On 25.5.1989, Gurmit Singh reached government hospital at Patti, where he was examined by Dr. Vinay Kumar Azad, PW11. He was found to have sustained the following injuries on his person:-

1. Incised wound 10 cms x 1.5 cms on the antero-lateral aspect of right leg, lower one third. Skin muscles were incised. Tibia was partially cut of. Soft clotted blood was present.

2. Incised wound on left little finger 2 cms x 0.5 cms on terminal phalanx was partially cut. Soft clotted blood was present on the dorsum aspect.

3. Incised wound on left ring finger in its middle phalanx. Wound is muscle deep. Soft clotted blood was present. Wound was 1.5 cms x 0.25 cms on the dorsum aspect.

4. Incised wound on the left middle finger in its terminal phalanx on the dorsum aspect 1.5 cms x 0.25 cm.

Injuries no. 2, 3 and 4 were corresponding to each other.

5. Incised wound 6 cms x .25 cm on the dorsum aspect of right fore-arm, 3 cms below the elbow joint. Soft clotted blood was present. Wound was muscle deep only.

6. Incised wound 5 cms x .25 cm on the dorsum aspect of right forearm in the lower one third of the forearm. Wound was muscle deep only. Clotted blood was present.

7. Reddish contusion 4 cms x 1 cm surrounded by diffused swelling on the right back elbow joint.

8. Reddish contusion with diffused swelling on the dorsum of right hand 4 cms x 3 cms.

Injuries Nos. 1 and 2 were grievous while other injuries were simple.

Probable duration of the injuries was opined to be six to twenty four hours before the time of examination. All the injuries were on non- vital part of the body. All the injuries of Gurmit Singh, except injuries no. 2, 3 and 4, could be caused by a friendly hand, stated Dr. Vinay Kumar.

On the side of the accused there is no report of the occurrence lodged with the police. During his statement under Section 313 Cr.P.C., the accused took a plea which in his own words translated into english is as under :- I am innocent. I was falsely involved in this case.

In fact Nishan Singh, PW1 altercated with me a day prior to the occurrence when he was under the influence of liquor. On the day of occurrence I was returning from my field after work and was having a kassi with me. On seeing me, Nishan Singh came out of his house armed with a dang and start abusing me. I returned the abuse and he assaulted me with a dang causing me injuries. I raised alarm. Nishan Singh appears to be under the influence of liquor and drank. When he gave me dang blows, I wielded my kassi causing injuries to Nishan Singh. In the meanwhile Kashmir Singh came with kirpan and started causing me injuries. I was raising shouts of Mar Ditta, Mar Ditta. My kassi fell on the ground.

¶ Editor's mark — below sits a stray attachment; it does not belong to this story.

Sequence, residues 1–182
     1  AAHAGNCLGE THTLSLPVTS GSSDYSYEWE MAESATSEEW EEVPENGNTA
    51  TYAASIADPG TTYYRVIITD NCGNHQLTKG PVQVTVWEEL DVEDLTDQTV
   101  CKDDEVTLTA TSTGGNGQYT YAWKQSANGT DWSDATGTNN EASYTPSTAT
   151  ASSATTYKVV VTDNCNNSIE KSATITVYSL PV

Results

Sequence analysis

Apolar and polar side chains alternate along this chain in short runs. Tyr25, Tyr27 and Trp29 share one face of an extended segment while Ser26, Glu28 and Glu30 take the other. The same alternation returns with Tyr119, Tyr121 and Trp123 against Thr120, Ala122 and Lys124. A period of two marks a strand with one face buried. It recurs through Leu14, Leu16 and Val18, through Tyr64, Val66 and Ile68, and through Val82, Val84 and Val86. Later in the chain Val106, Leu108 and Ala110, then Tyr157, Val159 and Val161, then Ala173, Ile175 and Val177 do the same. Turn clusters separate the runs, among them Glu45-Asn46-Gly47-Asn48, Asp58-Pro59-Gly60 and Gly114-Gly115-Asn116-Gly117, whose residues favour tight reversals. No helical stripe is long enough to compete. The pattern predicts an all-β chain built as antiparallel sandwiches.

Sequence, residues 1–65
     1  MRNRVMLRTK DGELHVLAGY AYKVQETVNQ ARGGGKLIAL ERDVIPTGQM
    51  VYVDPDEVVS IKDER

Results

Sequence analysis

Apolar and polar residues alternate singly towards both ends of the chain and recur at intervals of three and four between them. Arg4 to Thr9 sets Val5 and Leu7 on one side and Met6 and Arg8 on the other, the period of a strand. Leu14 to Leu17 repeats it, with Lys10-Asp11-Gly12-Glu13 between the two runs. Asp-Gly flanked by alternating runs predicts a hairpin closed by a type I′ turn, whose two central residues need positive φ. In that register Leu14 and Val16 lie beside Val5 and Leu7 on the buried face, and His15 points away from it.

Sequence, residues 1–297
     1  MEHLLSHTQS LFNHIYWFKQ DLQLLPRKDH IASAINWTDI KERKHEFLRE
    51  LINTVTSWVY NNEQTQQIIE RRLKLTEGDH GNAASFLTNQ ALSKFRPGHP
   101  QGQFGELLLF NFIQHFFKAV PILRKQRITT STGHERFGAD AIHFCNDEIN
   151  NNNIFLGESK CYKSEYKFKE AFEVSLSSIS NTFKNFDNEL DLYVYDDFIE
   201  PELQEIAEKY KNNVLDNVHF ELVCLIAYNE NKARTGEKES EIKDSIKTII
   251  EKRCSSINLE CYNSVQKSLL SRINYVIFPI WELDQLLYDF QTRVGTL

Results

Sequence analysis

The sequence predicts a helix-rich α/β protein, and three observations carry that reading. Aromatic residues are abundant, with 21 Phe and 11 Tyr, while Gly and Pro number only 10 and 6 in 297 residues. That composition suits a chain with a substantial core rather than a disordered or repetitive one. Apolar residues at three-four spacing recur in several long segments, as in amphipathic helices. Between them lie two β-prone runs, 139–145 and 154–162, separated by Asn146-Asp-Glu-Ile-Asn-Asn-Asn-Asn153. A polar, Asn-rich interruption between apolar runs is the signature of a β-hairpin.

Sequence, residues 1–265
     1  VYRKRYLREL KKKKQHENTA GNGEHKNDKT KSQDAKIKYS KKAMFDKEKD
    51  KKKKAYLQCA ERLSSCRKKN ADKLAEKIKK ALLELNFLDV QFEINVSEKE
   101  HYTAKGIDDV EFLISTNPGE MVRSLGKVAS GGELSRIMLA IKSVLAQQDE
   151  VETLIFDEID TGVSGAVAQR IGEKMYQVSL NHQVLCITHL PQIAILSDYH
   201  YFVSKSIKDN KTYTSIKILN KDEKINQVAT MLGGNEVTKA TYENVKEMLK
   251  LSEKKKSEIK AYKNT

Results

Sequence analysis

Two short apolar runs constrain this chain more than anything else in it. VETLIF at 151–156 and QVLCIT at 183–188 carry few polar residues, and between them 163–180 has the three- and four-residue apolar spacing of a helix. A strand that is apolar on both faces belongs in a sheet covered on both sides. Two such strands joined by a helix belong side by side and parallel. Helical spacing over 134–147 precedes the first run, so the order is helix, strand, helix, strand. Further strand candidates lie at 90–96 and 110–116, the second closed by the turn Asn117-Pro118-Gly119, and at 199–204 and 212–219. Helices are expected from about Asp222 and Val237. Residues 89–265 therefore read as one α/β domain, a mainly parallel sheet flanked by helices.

Kulwant Singh came running from the house with a kirpan after hearing an alarm. When he reached near me, Kashmir Singh was in the process of causing me injuries and I was defending blows with my arms and hands. In order to defend me Kulwant Singh caused injuries to Kashmir Singh.

I was medically examined in the next day. As no vehicle was available during night, I remained admitted in Patti Hospital. I gave my version before the police but the police was helping the other side.

A similar plea was taken by the accused Kulwant Singh in his statement. The accused persons did not adduce any evidence in defence. The trial Court and the High Court have believed the testimony of Nishan Singh, Veero and Jagir Kaur. The place of the incident is inside the house of the accused persons. All the three eye witnesses were naturally present there. Nishan Singh, PW1 has himself sustained injuries in the incident. All the three witnesses are consistent and corroborate each other in narrating the assault by Kulwant Singh and Gurmit Singh on the deceased Kashmir Singh and the injured Nishan Singh. We have independently, with the assistance of the learned amicus appearing for the appellant, gone through the evidence and we find no reason to take a view different from the one taken by the High Court and the trial Court, insofar as reliability of the three witnesses as eye witnesses to the incident is concerned.

Agreeing with the two courts, we uphold the finding that the injuries were caused by Kulwant Singh and Gurmit Singh appellant in the manner as alleged by the prosecution and as the role is attributed to them.

Two pleas were advanced by the learned amicus appearing on behalf of the appellant. It was submitted that the FIR was lodged belatedly and the injuries on the person of the appellant Gurmit Singh have not been explained by the prosecution. The benefit of the two circumstances must be extended to the accused appellant which in her submission would be enough to demolish the case for the prosecution.

So far as delay in lodging the FIR is concerned, we agree with the High Court that there has been no unexplained delay in lodging the FIR. Immediately on occurrence the first anxiety on the part of the family members of the deceased was to take the injured to the hospital for treatment. Then the complainant party was approached by brother of Ajit Singh for compromise. Jagir Kaur, PW-3 has stated that respectable persons of the village had tried to settle the dispute and effect compromise between the parties so that the matter was not reported to police. The compromise failed because the condition of Kashmir Singh was serious. We have no reason to disbelieve this explanation which has been also accepted by the Trial Court and the High Court.